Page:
A great feature of Wrede's questions is that they raise other questions about things that you might not have thought of.  Possible plot ideas, new conflicts, and cultural idiosyncrasies all popped into my head at this point and my margins were littered with hastily scribbled notes.  Whether this material will ever go anywhere I don't know, but it certainly helped to open up numerous possibilities.

The tendency for each question to raise other questions is a bonus, but I found it was also a problem.  If you've ever done freewriting or clustering or any open-thinking techniques, you know how easy it is to follow a lead and find yourself miles from your original topic.  Wrede's questions tended to do that and I found myself asking and answering questions that Wrede asks further down the list.  What to do?

In the end, I stuck to answering only the original question, but noted down anything I thought of in case I wanted to follow up on it later, but you might be happy to follow your inspiration.  There's no reason you can't skip a question later if you have already answered it.

The next section covered every fantasist's favourite topic: magic.  Wrede asks the most important question first: what things can magic not do?  Once the boundaries have been established, Wrede covers the mechanics of magic and magicians and their social status, then moves on to some searching questions about magic in day-to-day life. 

The last three sections cover the minutiae of culture, and here Wrede really goes to town, asking probing questions about government, trade, social status and restrictions, and manners.  She even goes into detail about diet.  All of these questions, while not necessarily related to your story, can certainly provide that individual stamp you are searching for in your setting to build a solid background.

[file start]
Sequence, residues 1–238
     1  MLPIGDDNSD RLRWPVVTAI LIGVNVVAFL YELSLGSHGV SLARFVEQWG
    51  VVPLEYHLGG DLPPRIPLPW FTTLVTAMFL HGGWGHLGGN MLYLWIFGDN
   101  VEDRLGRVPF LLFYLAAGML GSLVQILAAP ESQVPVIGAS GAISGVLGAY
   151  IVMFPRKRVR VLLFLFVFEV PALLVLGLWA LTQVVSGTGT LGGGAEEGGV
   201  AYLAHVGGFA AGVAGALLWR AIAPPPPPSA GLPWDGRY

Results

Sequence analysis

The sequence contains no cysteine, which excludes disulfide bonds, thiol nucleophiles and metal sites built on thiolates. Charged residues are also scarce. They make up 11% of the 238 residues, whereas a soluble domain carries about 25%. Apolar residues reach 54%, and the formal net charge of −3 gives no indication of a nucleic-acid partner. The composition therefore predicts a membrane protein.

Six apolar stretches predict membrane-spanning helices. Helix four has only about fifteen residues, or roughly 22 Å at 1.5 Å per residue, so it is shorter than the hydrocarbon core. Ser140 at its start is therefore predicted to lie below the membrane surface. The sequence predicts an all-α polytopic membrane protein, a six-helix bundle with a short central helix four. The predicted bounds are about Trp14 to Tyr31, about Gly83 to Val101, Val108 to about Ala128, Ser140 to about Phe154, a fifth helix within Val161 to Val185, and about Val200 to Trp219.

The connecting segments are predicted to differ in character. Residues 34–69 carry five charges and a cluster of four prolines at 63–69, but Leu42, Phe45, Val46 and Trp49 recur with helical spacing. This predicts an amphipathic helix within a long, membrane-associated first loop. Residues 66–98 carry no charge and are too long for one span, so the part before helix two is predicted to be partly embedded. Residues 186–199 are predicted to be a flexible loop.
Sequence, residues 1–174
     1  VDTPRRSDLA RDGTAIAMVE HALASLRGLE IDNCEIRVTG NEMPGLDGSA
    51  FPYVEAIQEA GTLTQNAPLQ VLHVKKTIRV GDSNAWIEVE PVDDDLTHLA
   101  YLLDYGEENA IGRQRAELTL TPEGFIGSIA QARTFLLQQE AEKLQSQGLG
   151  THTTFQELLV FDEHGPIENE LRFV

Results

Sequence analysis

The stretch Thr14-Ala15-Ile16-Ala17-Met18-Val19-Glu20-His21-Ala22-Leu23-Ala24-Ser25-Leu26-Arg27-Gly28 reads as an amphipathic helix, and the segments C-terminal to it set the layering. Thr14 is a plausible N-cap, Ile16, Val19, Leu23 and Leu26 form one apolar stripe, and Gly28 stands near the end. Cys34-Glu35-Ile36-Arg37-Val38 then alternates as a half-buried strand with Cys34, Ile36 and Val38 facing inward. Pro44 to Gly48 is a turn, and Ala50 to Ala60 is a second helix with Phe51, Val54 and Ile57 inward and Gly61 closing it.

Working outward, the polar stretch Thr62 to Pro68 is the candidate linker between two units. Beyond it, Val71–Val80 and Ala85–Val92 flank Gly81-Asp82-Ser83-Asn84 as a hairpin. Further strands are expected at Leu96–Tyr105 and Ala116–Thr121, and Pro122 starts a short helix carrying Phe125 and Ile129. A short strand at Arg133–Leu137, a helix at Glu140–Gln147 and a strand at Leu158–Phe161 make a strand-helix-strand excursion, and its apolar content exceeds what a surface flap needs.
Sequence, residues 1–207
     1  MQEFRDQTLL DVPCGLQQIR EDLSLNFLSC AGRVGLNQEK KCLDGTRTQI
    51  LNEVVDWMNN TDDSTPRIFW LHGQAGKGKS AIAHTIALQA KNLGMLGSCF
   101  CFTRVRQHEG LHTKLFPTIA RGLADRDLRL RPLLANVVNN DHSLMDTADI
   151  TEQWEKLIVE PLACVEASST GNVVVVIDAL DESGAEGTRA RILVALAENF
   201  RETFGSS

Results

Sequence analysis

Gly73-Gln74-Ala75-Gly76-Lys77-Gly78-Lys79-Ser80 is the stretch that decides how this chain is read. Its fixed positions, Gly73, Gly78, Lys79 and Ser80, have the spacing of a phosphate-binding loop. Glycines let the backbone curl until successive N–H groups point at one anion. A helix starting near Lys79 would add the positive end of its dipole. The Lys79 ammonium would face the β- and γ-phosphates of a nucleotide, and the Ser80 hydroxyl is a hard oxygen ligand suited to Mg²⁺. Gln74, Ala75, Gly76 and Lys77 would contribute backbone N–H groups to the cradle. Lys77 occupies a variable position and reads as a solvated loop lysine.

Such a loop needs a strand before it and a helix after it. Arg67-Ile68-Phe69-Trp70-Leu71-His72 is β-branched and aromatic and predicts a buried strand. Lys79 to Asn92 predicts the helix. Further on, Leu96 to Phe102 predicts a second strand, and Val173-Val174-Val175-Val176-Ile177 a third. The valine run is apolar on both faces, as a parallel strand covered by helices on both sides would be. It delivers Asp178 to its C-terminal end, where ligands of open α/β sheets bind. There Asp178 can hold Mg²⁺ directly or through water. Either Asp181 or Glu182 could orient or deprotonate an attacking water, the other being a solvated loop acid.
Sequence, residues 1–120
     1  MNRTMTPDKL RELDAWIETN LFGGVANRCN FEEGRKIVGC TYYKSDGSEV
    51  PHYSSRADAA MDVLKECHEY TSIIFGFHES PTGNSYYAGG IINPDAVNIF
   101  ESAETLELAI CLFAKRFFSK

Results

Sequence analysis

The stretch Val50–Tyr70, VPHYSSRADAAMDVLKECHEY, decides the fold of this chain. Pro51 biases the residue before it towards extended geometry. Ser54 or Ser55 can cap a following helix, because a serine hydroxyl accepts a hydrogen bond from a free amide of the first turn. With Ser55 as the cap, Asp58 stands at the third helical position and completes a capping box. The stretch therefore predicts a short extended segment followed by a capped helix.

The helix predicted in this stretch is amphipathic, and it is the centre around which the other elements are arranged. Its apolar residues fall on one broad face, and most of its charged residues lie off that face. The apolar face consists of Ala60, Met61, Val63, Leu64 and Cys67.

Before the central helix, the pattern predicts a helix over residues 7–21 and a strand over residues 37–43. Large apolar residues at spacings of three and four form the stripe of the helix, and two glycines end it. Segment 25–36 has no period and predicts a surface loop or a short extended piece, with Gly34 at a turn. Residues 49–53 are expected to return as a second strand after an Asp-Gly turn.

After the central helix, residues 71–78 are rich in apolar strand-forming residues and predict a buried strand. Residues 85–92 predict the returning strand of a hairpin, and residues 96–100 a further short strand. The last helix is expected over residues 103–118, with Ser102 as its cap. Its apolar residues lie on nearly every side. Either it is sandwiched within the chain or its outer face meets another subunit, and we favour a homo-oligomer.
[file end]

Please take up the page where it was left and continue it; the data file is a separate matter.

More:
After going through the questions from top to bottom, I wondered how it would work the other way.  So I started with an idea that I had had a long time ago, of a little town setting for my heroes, and tried it the other way, working from daily life back up to the world.  To a point, it worked just fine; Wrede's questions in their complexity stand alone.  The only problem that I had was that some of the questions required broader knowledge of my setting, but in that instance, it was a simple step to go to the section related to that area and flesh it out.

The strength of these questions definitely lies in the fact that they can stand alone and are not in any rigid order.  In fact, just opening up a page and reading a question at random can start the brainstorming process, and I can see that the questions could be used in a world you have already made, if you suddenly found a lack of detail or knowledge about your culture or their environment.

Wrede's questions can be applied to any type of world: fantasy, mediaeval, alien society, or alternate Earth.  So, no matter what your starting point is, these questions can help you flesh out your world, not into a thin anorexic country but a voluptuous world, lush, inviting and full of fascinating details.

If you're looking for a list to help you focus, then you may find it overwhelming.  But if you want to dive headfirst into the long, complicated and extremely enjoyable process of world building, if you need to get your creative muscles working, then Wrede's work might be for you.  In the end, it was a very enjoyable process for me.